It’s not often that a movie actually delivers on its promise of giving you ‘something different’. Usually it means the same hackneyed plot is infused with one new element: a new hero, a new foreign locale, a new team of stunt-doubles all the way from Reykjavik. Everything else remains hauntingly similar. Well, take heart, jaded movie-goers, for this might very well be the sign of a brave new era. An era that was installed gloriously by Hyderabad Blues and then botched up cruelly by Hyderabad Blues 2. Anand is no Dollar Dreams 2 (Kammula’s first film); it’s smarter, prettier and has a different story to tell.
Of course, the story itself is not horribly original. It follows the fairly simple premise of love story-obstacles-happy ending. It has a lovely girl, a tolerably cute boy, some gorgeous music, and scenes of beguiling sweetness. All it wants to do is take little, lost moments of the day, sprinkle moon dust over them and then freeze the frame. To stop and smell the flowers, as it were. Given the kind of trash you’re bombarded with everyday, it’s a bit of a relief to watch a film that lets you catch your breath while it tells you its story.
Roopa (Kamalinee Mukherjee) is orphaned as a child when a freak accident kills her entire family. The freak that caused the accident is so thoroughly returned to his senses, that he goes quite unhinged. But he’s a nice sort, and keeps a loving eye on Roopa as she grows up into a proper young lady with a bad taste in bridegrooms.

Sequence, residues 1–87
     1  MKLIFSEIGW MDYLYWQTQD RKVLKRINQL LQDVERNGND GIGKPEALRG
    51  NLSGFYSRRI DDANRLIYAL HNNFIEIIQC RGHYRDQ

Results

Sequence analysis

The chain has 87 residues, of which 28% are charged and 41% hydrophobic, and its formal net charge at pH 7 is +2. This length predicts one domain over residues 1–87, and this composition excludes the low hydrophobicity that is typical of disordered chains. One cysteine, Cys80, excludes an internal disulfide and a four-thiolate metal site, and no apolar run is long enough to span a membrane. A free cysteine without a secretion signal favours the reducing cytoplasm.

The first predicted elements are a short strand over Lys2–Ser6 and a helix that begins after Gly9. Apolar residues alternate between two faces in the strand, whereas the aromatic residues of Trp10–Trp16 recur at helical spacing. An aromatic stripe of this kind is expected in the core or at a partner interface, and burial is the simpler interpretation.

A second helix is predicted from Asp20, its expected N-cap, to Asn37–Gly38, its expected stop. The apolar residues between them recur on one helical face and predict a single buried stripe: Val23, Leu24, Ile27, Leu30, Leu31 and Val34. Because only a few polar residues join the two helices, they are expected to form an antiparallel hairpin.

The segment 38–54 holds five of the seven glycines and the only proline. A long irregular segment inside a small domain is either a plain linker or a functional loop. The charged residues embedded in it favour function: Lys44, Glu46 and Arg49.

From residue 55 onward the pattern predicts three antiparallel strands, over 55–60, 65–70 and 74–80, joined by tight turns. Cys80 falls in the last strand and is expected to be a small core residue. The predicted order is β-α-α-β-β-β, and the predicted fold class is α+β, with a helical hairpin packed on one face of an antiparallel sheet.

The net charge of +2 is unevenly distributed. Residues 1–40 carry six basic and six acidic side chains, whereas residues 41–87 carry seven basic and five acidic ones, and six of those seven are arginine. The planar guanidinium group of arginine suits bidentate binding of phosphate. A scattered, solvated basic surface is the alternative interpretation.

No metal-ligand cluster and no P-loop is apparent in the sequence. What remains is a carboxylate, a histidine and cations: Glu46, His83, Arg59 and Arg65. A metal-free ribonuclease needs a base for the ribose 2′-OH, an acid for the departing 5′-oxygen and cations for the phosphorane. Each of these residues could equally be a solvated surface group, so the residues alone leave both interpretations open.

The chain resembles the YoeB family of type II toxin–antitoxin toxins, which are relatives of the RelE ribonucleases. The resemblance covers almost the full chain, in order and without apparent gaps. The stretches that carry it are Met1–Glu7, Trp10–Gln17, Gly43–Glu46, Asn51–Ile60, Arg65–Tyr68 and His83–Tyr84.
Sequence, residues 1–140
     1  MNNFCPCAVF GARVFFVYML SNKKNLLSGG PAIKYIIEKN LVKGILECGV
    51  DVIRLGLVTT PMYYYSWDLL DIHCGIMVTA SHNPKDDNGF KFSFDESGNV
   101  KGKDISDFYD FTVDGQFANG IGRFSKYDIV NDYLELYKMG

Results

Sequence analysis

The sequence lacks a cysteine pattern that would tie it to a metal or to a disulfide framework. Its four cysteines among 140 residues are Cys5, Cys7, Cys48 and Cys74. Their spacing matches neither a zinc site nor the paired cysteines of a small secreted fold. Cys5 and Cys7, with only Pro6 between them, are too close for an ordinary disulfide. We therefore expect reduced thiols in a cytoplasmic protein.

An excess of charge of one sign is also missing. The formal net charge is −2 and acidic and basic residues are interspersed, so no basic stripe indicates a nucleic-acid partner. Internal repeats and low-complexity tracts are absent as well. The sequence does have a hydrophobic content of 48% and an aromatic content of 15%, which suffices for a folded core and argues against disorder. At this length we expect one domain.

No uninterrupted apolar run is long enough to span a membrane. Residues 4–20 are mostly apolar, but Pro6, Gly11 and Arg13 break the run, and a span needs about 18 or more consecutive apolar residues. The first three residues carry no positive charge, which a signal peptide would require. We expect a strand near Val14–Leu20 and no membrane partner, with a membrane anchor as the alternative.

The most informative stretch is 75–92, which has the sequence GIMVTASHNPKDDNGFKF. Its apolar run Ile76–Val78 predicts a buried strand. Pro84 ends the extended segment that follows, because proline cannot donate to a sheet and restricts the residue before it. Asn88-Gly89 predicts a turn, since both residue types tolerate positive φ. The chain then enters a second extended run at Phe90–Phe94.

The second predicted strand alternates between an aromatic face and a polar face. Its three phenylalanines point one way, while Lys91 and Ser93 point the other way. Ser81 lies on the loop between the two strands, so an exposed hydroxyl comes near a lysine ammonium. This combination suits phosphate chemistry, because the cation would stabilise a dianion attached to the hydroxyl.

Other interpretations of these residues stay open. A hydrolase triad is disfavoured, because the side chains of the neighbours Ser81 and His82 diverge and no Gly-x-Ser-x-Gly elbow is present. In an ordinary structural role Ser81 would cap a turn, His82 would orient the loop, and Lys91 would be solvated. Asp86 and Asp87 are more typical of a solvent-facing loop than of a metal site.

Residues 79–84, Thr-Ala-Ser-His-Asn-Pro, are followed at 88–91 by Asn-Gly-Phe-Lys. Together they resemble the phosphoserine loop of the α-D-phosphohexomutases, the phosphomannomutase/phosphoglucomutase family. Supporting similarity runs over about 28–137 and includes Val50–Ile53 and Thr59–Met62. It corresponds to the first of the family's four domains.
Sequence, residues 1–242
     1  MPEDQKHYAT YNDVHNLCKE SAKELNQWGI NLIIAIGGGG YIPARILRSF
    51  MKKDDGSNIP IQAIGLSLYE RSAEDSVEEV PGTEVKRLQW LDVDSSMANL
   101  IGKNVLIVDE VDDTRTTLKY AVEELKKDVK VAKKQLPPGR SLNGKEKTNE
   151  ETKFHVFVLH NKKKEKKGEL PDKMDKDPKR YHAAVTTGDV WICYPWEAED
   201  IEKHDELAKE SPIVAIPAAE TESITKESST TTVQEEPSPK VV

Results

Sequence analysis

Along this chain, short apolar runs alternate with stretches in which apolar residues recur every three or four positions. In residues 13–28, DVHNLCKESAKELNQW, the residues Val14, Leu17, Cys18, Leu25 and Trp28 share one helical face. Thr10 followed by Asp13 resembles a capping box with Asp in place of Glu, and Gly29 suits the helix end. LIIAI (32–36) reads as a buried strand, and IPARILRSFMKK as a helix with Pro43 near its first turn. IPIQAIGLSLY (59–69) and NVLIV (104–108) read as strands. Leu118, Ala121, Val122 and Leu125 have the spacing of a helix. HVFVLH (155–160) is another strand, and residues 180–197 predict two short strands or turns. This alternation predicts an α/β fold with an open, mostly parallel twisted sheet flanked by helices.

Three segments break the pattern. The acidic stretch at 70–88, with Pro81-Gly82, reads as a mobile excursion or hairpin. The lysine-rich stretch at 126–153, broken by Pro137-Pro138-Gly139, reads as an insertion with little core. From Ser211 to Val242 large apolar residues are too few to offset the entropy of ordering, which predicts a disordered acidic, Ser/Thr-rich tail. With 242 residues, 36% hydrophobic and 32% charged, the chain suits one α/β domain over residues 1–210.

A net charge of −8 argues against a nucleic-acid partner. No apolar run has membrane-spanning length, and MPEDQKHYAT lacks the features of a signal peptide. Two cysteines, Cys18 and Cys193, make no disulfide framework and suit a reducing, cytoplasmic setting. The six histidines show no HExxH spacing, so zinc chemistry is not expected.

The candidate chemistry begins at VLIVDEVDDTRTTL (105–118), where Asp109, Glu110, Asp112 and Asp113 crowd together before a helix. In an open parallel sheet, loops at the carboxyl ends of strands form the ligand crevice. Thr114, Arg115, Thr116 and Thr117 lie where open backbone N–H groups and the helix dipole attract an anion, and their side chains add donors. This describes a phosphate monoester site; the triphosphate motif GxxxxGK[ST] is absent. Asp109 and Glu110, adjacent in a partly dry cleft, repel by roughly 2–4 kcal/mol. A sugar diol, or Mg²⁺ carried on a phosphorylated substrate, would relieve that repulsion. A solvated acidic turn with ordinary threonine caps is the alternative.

The boy she’s about to marry (Anuj Gurwara) is what you might call a mama’s boy. You might also add that mama can keep him. Roopa is initially unaware of the mess she’s landed when she decides to marry into the Marwari family from Hell. She takes her time finding out what slimeballs they are, but in the nick of time Roopa summons the sense to kick him out of the pandal.
It is during this highly charged time that Anand (Raja) first meets Roopa. He falls in love and follows her home. Apart from the love angle, he also shares another connection with Roopa, as it was his father that drunkenly sent her family careening to their death. Not a very promising beginning to any relationship.
The rest of the film is, as you can probably guess, all about how they each get over their issues and reach out to each other. Roopa has an adorable gal-pal in Satya and playing Anand’s increasingly exasperated chuddy-buddy is Anish Kuruvilla. Both these characters are endearing and balance out the mush factor of the love story. The music, as mentioned earlier, is most lovely and sets a definite mood to the whole film. The shots, especially the interiors and the early morning sequences, are created and shot with creative use of color and lights.
And it rains almost throughout. Scenes like an old vendor roasting bhutta on the front porch or the girl and her friend frying gulab jamuns over a kerosene stove in the bedroom as it pours continuously outside, make you want to curl up to the warmth too.
Anand is a beautifully made film, with simple, if slightly strait-laced, ideas about relationships. There’s an honesty in its timbre, despite the obvious effort it makes to sustain the rose-tinted, soft-focus view. It does get self-indulgent toward the end, and could have used a more liberal application of the editor’s scissors. Otherwise a thoroughly enjoyable tale of happy endings, with nothing borrowed and nothing blue.